Paper plates on Thanksgiving won't be so bad Tradition: The holiday meal moves back to the old homestead, where so many other happy holidays have been.

November 21, 1998|By Jacques Kelly

Three of my four sisters telephoned recently to render their decision: We will be using paper plates for Thanksgiving dinner.

The invitation list had expanded to 20 this year and they were in no mood to wash the china for a mob that size. Nor was I, so offered no resistance -- though I think they might have welcomed a verbal boxing match. After all, we are entering the season of gatherings. This is another way of saying the family storm clouds are forming fast and ominous.

There are a million Maalox moments before a holiday, two million if you really get anxious and micromanage the affair a month in advance.

In truth, while I hate paper plates indoors, I am delighted that the whole clan will be gathering once again at the Guilford Avenue house where so many Thanksgiving dinners have been served.

My great-grandparents moved there in 1915 with the same furniture that will be in use Thursday. Each year we say a little prayer that the glue in the dining room chairs holds.

And true to a 1915 house, there is no automatic dishwasher and the porcelain sink is older than I.

Two of my nieces, one named Kelly and the other Elizabeth, requested that the old location be the setting of the Thanksgiving feast.

For a few years after my mother's death, we shifted to my sister Mimi's home in Mayfield for an excellent and needed change. And now we're changing again -- after some negotiations worthy of the Wye River peace agreement.

The arrival of the family holidays can be fraught with blood-line peril. We fret over the details and overlook the substance. But no matter what way you look at it, a volley of phone calls before Thanksgiving Day is preferable to no phone calls at all. This year, the deliberations over the time of the actual meal lasted longer than the amount of time it takes to roast a turkey.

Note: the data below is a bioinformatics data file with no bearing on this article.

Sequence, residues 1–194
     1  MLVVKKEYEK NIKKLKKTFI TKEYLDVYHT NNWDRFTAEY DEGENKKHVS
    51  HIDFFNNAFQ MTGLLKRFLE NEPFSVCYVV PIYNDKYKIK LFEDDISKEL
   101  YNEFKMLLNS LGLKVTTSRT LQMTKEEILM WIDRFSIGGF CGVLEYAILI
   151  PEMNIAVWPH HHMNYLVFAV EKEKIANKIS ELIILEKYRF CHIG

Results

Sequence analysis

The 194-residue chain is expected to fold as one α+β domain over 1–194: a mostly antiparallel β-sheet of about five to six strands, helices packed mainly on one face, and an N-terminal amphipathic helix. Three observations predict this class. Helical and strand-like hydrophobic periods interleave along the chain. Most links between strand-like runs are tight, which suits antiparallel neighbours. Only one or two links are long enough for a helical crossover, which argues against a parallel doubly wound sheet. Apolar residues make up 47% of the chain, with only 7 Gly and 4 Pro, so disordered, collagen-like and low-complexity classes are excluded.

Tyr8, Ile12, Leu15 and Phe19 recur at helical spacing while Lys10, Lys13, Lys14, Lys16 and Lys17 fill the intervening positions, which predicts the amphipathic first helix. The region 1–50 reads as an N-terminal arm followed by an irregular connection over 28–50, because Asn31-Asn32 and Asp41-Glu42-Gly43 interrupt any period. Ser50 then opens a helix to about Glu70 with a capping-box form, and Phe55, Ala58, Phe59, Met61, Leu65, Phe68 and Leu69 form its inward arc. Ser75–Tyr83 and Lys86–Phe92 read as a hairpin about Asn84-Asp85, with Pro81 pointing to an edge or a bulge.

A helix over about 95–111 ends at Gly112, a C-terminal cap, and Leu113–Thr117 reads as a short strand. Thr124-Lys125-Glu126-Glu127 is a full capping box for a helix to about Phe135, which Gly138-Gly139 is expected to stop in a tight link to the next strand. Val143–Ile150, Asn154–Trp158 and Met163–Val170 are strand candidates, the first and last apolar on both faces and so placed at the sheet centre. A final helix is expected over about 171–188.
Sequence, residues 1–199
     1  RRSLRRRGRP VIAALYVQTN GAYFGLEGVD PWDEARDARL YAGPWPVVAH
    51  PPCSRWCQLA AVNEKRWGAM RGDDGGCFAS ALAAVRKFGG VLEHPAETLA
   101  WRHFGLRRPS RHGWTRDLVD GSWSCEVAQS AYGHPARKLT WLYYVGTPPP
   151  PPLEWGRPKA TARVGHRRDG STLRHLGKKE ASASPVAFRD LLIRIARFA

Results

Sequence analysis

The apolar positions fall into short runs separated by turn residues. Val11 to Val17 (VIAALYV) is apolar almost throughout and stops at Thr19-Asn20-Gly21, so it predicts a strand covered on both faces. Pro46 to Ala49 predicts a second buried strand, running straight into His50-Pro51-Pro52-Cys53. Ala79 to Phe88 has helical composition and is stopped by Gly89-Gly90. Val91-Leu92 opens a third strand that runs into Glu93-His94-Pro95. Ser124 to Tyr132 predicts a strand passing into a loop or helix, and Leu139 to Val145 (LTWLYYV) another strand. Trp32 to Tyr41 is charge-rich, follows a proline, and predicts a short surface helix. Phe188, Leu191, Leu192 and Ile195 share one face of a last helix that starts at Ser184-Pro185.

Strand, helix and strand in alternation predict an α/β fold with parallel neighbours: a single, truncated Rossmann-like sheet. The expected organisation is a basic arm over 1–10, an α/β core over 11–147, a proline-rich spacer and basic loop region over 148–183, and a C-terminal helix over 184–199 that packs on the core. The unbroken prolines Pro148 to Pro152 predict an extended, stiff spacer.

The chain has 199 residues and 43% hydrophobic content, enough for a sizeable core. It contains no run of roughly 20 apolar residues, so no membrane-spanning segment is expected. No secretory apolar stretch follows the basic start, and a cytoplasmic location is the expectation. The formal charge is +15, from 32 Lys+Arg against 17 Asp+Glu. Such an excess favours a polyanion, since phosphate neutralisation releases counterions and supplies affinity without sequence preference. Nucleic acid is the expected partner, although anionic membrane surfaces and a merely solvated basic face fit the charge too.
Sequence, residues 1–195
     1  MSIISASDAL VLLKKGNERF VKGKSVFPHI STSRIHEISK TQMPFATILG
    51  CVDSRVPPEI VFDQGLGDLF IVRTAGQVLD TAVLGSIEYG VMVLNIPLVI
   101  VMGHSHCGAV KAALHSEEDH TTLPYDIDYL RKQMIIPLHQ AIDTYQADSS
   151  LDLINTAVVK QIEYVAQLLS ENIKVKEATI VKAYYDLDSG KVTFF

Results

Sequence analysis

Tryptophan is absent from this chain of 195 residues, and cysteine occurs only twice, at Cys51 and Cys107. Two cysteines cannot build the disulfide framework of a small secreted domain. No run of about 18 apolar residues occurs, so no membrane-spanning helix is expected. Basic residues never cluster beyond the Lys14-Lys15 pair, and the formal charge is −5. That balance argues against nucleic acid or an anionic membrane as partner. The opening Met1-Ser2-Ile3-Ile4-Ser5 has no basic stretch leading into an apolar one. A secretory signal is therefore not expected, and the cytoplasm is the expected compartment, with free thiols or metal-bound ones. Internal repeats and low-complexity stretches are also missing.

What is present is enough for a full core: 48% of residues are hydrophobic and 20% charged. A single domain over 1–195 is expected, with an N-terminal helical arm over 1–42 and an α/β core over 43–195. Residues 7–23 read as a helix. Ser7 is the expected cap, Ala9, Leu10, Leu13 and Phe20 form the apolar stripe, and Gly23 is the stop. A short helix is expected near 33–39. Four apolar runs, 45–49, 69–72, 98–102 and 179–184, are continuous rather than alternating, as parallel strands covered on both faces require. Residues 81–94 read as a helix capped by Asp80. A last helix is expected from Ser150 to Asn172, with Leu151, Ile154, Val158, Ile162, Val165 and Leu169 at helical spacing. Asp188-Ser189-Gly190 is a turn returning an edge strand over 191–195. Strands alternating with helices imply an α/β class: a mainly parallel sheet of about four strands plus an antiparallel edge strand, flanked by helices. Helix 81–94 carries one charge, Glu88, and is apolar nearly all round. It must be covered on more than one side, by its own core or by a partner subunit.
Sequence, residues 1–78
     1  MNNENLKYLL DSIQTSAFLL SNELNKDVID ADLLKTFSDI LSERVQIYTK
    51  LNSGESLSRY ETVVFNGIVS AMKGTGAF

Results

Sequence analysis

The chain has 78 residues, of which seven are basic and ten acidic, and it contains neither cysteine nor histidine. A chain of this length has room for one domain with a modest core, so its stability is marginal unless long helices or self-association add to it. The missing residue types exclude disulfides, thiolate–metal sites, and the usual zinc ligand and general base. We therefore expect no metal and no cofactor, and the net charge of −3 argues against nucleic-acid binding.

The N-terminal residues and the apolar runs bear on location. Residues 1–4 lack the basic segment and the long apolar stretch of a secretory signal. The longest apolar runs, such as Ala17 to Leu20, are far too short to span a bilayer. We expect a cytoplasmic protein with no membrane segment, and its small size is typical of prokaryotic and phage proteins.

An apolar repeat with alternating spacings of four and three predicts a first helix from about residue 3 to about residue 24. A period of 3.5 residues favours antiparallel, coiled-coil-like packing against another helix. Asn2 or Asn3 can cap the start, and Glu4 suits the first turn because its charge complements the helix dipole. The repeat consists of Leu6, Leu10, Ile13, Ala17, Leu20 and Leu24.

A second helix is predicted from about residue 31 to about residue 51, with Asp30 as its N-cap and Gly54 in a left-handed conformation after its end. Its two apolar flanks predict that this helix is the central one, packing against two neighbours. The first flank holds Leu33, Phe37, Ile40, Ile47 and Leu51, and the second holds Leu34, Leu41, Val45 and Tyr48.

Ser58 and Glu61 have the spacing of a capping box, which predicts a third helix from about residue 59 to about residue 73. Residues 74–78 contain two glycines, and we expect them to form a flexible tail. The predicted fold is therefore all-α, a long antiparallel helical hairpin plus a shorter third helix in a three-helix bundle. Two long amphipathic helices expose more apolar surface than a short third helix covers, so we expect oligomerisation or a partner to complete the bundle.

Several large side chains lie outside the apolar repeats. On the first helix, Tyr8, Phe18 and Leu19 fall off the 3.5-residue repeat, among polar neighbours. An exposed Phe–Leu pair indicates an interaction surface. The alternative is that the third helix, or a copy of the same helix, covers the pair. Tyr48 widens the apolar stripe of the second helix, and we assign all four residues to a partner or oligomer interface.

The first call came through a few weeks ago. My father, the master of the old family homestead, asked if my cleaning assistant, silver polisher and ironer, Susie Hobson, could give him a hand getting the Guilford Avenue house ready for the arrival of the guests and the overnight tenants: my sister Ann, her husband Chris, and three small children, including 9-month-old twin girls.

He said he needed about two hours' help. I thought to myself that 120 minutes doesn't divide well in a nine-room, three-story Baltimore rowhouse -- and we weren't even talking about long halls, stairs, baths, skylight, cellar, front lawn and back garden. The last time I counted, the place had 37 window openings too.

(I think it's one of the grand exercises in holiday madness to wash windows before one of these family gatherings, but plenty of people do it. Those with advanced degrees in Thanksgiving insanity even attempt painting too. As if guests checked window dirt and faded walls.)

After two cleaning sessions, with a third still planned, I hear that all is sanitary -- so clean in fact, my father has decided to go the extra mile.

We may be dining on paper, but those picnic plates will be resting atop Battenberg lace and linen: a proper, Hutzler Brothers linen tablecloth (with a complicated cutwork pattern) that he's asked be washed and ironed for the big dinner. He's also had all my great-grandmother's cut glass washed and set out.

Once polished, even alongside the paper plates, I'm sure the Stieff silver will look as fine as it did in 1905 -- if you overlook the dents of all the happy Thanksgiving dinners along the way.

Pub Date: 11/21/98

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